Occasionally I have to convince people of writing’s importance within an artist’s practice. To my mind, the MFA in Interdisciplinary Arts program’s (MFAIA) emphasis on developing strong writing skills—through the dialogue between students and advisors, as a documentary tool, and as a means of critical thinking—is a fundamental benefit of our curriculum. It serves to prepare artists for many of the roles they’ll be expected to assume in their professional practice, such as introducing their work, engaging in thoughtful criticism, writing proposals, helping future students pursue learning goals, as well as in helping to create links between different areas of human knowledge.
I’ve come to believe, as Carol Becker notes, when artists avoid reading and writing they’re putting their holistic development at risk:
“What [art] students need, fundamentally, is a very good education, because one of the things artists aren’t given—and it disempowers them terribly in the world—is good reading skills. And it’s the same with writing. Very often young artists can’t write well, and they’re told not to worry about it, because they’re artists. Artists need good language skills—I think that’s crucial. But there’s been this idea that if you verbalize or intellectualize, it’ll destroy the spontaneous, intuitive qualities of artmaking. I think that’s crazy—it’s developing only half a person. I want our students to have a good solid, historical education, so that they know the culture they’re living in and are curious about the rest of the world” (Conversations Before the End of Time, 1993.)
I today realize that Becker was talking about me.
I finished art school in 1988 a weaker writer than when I began. I was dissuaded, implicitly and, as disturbing as this seems today, explicitly, from thinking of writing as a valuable skill for my future. It would be a mistake to jump to the conclusion that my writing teachers were to blame for my deficit. If there’s fault to be assigned, it lies with me—and with the artists who taught my studio classes. Other artists trained me to believe that visual artists can transcend the need for strong writing skills, and I was all too eager to believe them. I fell for a seductive notion that artworks can speak for themselves and that any viewer should be able to interpret the languages of my visual forms. I wanted to believe that a process of critical making could replace processes of critical writing, and that artworks need no narrative context. I convinced myself that immersing myself in the languages of making was enough. But it’s not.
I don’t mean to infer that artworks need to be explained or that metaphor, intuition, feeling, or gesture, so often powerfully evident in the arts’ languages, need to be translated. And in advocating for strong critical writing skills, I’m not arguing against the criticality of the arts’ languages. It would be a mistake to suppose that critical writing can supplant the value of poetic, spatial, kinesthetic or visual languages, because there are human experiences arts’ languages masterfully engage—often with insight beyond the capacity of expository writing. Rather, writing has the power to help us discern greater meaning, by offering a way to articulate the intentions that live underneath an art practice, by helping to compose contexts for artworks, and by establishing a conduit through which meaning can be shared between different ways of knowing.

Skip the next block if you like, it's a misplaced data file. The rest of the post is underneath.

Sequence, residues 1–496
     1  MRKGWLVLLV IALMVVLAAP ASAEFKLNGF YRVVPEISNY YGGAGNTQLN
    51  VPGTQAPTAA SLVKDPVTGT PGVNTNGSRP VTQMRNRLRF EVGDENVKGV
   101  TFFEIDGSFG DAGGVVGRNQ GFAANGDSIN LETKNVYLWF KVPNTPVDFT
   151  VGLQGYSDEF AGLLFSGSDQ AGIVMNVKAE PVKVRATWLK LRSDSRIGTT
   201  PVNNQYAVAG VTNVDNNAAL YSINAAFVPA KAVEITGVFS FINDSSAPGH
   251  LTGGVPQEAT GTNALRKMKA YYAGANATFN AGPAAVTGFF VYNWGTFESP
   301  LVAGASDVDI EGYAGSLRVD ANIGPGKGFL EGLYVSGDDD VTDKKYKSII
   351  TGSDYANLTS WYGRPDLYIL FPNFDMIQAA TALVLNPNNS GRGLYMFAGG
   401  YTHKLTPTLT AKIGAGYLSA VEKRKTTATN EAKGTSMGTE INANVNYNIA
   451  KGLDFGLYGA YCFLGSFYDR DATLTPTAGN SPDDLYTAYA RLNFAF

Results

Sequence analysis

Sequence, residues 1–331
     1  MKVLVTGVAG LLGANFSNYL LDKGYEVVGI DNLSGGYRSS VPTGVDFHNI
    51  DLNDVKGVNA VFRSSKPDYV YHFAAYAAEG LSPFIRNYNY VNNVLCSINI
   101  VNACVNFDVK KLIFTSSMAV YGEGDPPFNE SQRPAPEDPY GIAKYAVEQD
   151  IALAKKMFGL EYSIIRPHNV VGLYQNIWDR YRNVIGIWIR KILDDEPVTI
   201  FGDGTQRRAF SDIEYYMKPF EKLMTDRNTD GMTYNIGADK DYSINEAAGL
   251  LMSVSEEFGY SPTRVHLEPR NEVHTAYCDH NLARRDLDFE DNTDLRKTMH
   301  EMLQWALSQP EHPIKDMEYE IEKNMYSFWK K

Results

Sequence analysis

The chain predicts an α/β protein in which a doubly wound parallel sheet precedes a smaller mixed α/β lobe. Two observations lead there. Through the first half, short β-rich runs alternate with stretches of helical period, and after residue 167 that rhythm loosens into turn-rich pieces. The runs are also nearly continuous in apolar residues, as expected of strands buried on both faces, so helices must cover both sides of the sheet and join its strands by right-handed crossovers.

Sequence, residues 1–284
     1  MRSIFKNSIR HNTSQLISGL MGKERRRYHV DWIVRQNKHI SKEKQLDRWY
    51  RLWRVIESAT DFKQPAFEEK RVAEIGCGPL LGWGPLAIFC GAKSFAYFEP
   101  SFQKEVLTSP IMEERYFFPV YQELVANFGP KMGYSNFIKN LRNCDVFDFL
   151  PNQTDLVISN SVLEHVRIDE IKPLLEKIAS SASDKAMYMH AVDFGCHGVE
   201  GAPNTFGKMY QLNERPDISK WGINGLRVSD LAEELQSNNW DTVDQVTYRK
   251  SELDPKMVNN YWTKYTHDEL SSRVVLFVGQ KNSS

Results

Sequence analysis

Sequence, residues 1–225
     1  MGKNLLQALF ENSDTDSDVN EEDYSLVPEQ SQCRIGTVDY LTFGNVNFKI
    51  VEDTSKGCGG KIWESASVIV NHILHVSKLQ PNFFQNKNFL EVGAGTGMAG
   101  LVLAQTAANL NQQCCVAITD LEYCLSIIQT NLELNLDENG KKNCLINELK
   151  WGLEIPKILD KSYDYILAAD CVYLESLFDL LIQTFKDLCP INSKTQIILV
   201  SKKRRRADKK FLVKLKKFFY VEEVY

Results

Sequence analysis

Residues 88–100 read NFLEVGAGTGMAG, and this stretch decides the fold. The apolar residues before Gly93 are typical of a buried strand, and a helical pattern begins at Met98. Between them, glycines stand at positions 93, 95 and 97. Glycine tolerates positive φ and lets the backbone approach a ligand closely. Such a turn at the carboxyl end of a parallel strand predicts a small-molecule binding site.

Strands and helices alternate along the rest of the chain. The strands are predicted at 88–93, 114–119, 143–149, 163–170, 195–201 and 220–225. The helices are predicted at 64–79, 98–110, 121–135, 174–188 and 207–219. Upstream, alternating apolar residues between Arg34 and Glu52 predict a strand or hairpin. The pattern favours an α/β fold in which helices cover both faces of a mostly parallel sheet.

Bringing artworks into dialogue with audience very often requires that artists build a bridge that allows multiple languages to enter into conversation. Most often this requires a common language, like critical writing or rhetoric. Especially in an interdisciplinary context, this is rarely a one-on-one affair. This process becomes more interesting when you consider the bridges that might be necessary to bring two artistic languages, say graphic design and dance, into conversation; and the complexity and possibility grows exponentially as four or five artistic languages attempt to learn together.
I was lucky. In the alchemy of my experience, writing changed from something assigned by others, something to be endured, into a joyful process of discovery. As writing became an integrated part of my practice, a provocative sequence of questions emerged. These questions will frame a group study, titled Critical Composition: Thinking, Making, Writing, that I’ll undertake with a group of MFAIA students in the fall of 2013:
How are the impulses that prompt artmaking the same as those that fuel writing?
Can writing shape, focus, and amplify the impulses that inspire artmaking?
Does engagement with multiple artistic languages advance my practice?
How does consciousness about language allow me to know what’s underneath my impulse to make art?
Does becoming a better critical writer make me a better, a more critical maker?
If I still hold residual frustration about my own art education, it’s not just that some of my teachers sold me a bill of goods. My displeasure lies with the enduring idea that art can be taught (or made) in a vacuum.
Rigorous education in artistic forms need not and can not be segregated from language education—or other disciplines. They can be developed in an integrated and interdisciplinary way. It’s here that the MFAIA program is offering something vital to the larger conversation about the development of an artist’s practice. And it’s here that the MFAIA’s curriculum may be of special and enduring benefit to students.